What is clear, however, is that developers increasingly need to work with housing associations to get planning permission, and housing associations need to work with developers to deliver affordable housing.
It is this symbiotic relationship that has led some affordable housing providers to adopt a far more commercial approach when dealing with private housebuilders. The Apex Housing Group, for example, is now a major partner of many of the South-east's largest housebuilders, with a programme of 400 homes in the pipeline – all as a consequence of section 106 agreements.
Unfortunately, housing associations are often thought to be bureaucratic, regulation-led, uncommercial, inflexible, slow and penny-pinching. However, such an image is no longer fair or accurate – affordable housing providers are beginning to understand and meet the needs of the private housebuilder.
The preconception that housing associations have limited funding is not always the case. Although they are not-for-profit, they have powerful fundraising abilities. Apex, for example, has attracted private finance amounting to £130m at highly competitive rates to fund its current development programme. This funding enables us to meet the cost of affordable housing. Furthermore, we have assurance from our leading funders that, based on our assets and performance, this figure could be doubled.
Another criticism sometimes directed at housing associations is that they are inflexible. In fact, they are now negotiating far less onerous and more flexible development contracts in their dealings with housebuilders. At Apex we are less tied to the traditional JCT contracts as a form of procurement and are able to offer incentives to housebuilders for early completion of a scheme, something traditional contracts do not allow.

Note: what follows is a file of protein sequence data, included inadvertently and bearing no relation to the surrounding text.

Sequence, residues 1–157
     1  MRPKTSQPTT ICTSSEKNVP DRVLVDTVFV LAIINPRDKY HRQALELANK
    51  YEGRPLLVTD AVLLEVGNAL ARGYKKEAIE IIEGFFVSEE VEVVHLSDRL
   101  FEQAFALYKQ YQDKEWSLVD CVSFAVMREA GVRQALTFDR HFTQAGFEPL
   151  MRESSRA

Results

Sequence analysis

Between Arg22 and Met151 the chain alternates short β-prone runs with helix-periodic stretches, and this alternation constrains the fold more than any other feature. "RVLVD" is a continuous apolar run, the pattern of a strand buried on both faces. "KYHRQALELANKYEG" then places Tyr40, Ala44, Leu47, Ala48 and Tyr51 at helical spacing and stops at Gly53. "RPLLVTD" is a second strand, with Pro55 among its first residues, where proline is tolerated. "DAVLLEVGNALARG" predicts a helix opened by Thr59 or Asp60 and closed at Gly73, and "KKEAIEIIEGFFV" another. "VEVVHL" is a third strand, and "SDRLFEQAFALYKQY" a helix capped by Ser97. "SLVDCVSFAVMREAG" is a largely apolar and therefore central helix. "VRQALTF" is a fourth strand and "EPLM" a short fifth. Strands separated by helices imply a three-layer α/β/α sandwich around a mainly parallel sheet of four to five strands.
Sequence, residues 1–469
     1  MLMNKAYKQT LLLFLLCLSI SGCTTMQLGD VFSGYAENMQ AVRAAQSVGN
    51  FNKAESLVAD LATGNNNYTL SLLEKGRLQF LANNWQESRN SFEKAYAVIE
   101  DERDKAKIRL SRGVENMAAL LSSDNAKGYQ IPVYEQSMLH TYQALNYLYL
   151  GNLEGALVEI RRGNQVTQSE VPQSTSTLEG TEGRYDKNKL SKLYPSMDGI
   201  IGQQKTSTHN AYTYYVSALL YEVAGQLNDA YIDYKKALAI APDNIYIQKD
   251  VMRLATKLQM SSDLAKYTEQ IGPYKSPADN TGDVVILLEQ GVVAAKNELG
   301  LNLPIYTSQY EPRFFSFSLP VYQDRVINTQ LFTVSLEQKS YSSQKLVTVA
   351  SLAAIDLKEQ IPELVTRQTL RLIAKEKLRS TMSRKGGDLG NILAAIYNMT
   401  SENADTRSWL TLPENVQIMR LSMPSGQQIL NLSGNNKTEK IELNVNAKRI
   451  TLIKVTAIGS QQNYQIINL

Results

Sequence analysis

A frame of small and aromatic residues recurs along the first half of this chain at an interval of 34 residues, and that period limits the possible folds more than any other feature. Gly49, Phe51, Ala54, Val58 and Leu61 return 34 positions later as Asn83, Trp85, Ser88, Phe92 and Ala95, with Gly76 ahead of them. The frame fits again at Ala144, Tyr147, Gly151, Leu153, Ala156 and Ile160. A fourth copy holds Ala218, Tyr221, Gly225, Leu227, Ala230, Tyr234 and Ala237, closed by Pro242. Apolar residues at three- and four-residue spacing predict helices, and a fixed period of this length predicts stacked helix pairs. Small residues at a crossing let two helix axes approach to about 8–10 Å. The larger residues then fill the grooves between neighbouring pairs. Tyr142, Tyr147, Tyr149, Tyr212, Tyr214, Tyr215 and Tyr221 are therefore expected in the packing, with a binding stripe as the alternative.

housing associations are negotiating far less onerous and more flexible contracts with housebuilders
Linked to this supposed inflexibility is the idea that affordable housing providers are regulation-led and bound by procedure. Obviously much of what we do, particularly with regard to social housing grant, is determined by Housing Corporation guidelines and procedures. On the other hand, we understand that developers want to minimise delay and so we try our best to make decisions as quickly as possible.
To speed up the process, housing associations can often act as a bridge between the housebuilder and the local authority who often seem at loggerheads. Indeed, the quantity, tenure and location of affordable housing is determined through sometimes lengthy and confrontational negotiations between housebuilder and local authority. But involving housing associations early enough in negotiations leading up to section 106 agreements can speed up the entire process.
The increasingly businesslike attitude of housing associations is also reflected in their recruitment practices. In order to increase its knowledge of the private housing market, Apex has recruited both senior managers and board members from this sector. This approach has been extended to our choice of employer's agents, key players in the smooth running of section 106 projects. We have learnt that it is vital to work with employer's agents who thoroughly understand the importance of meeting timescales, agreeing terms and developing flexible development contracts with private housebuilders.
Housing associations are aware that private developers are worried that mixing affordable housing with housing for sale can sometimes make it harder to sell properties and even depress the price at which properties are sold. To mitigate against this, Apex works closely with developers on a design brief so that the affordable homes are externally indistinguishable from those for sale, and provides a first-class property management service to ensure that they remain so.
Alan Walker is chief executive of the Apex Housing Group.